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Home | Blog | The Economist: Austrian school provides the best explanation

The Economist: Austrian school provides the best explanation


I recently criticized The Economist for its very confused Keynesian analysis of monetary policy in Europe . Its analysis of China's impact on the global economy in its latest issue is however a lot more impressive. Apart from a few minor details, its provides a interesting and correct analysis of the subject.

Some of the more interesting paragraphs is when they point out that given a positive supply-side shock in terms of increased availability of cheap goods from China, positive consumer price inflation is not a good thing and in this context praises the Austrian school analysis.

"In its latest annual report, the Bank for International Settlements (BIS) asks whether it is really desirable to maintain positive inflation rates when China is boosting the world's productive potential so dramatically and thus reducing the prices of so many goods. In other words, are central banks targeting too high a rate of inflation now that China has joined the global market economy?

During the late 19th-century era of rapid globalisation, falling average prices were quite common. This "good deflation", which was accompanied by robust growth, is very different to the bad deflation experienced in the 1930s depression.

Today, we would again have had "good deflation"—but central banks have instead held interest rates low in order to meet their inflation targets. The BIS frets that this has encouraged excessive credit growth. This echoes a fierce debate in the 1920s.

At that time, a similar jump in the world's productive potential (then caused by technology-driven productivity growth) was reducing manufacturing costs. Some economists suggested that, in such circumstances, overall price stability might be the wrong policy goal. Instead, they argued, average prices should be allowed to fall to pass the productivity gains on to workers and consumers as higher real incomes. But just like today, monetary policy prevented prices from falling. And an overly loose policy then inflated the late-1920s stockmarket bubble.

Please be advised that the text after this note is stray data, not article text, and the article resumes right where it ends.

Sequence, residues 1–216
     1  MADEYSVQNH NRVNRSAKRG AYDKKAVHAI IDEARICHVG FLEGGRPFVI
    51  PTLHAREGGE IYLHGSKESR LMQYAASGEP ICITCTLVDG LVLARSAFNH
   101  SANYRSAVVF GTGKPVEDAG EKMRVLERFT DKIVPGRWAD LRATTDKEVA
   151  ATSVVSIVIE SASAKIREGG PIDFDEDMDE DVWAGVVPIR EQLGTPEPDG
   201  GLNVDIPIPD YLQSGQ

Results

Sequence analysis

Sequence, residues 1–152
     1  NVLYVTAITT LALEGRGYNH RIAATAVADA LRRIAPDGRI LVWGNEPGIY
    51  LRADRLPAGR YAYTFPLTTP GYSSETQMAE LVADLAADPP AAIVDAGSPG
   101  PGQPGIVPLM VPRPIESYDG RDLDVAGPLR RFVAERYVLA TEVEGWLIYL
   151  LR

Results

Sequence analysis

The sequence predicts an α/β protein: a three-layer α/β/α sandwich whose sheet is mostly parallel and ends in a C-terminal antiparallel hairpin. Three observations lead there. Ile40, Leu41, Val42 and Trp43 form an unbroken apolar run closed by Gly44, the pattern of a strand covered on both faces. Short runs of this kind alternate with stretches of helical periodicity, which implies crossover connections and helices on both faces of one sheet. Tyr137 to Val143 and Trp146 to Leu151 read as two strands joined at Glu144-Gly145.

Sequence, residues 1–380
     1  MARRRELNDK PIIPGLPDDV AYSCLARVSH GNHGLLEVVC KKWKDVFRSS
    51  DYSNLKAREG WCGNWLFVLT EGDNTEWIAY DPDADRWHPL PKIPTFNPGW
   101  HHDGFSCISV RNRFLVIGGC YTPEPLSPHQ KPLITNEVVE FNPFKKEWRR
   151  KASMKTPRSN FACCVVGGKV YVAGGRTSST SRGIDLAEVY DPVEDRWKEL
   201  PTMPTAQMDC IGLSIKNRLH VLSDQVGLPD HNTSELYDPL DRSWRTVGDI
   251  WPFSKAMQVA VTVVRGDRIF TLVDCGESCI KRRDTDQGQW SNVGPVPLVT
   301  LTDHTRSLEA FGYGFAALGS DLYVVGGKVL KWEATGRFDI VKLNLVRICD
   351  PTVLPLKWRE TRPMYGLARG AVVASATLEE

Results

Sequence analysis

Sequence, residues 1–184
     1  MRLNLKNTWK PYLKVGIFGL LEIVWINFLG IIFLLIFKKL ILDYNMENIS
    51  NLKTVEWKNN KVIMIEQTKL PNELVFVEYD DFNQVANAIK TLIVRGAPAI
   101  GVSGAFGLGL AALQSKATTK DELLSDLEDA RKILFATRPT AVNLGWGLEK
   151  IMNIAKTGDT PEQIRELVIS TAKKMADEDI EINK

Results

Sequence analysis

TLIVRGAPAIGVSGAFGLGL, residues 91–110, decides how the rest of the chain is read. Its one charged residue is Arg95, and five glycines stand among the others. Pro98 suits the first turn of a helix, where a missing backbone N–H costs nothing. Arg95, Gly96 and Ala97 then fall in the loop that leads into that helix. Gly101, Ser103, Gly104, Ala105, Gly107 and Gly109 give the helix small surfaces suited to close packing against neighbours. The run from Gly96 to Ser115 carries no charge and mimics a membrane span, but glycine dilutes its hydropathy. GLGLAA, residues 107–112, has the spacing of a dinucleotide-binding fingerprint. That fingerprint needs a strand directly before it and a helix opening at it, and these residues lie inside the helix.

The Austrian school of economics offers perhaps the best framework to understand what is going on. The entry of China's army of cheap labour into the global economy has increased the worldwide return on capital. That, in turn, should imply an increase in the equilibrium level of real interest rates. But, instead, central banks are holding real rates at historically low levels.

The result is a misallocation of capital, most obviously displayed at present in the shape of excessive mortgage borrowing and housing investment. If this analysis is correct, central banks, not China, are to blame for the excesses, but China's emergence is the root cause of the problem."

Good, very good. But why did they then just two weeks ago then call for the already inflationary ECB to aggravate these misallocations by becoming even more inflationary? Either they are schizophrenic or (more likely) their writers ( The Economist's articles are never signed and their writers are anonymous) disagree with each others, some being pure Keynesians and others being more or less Austrians.

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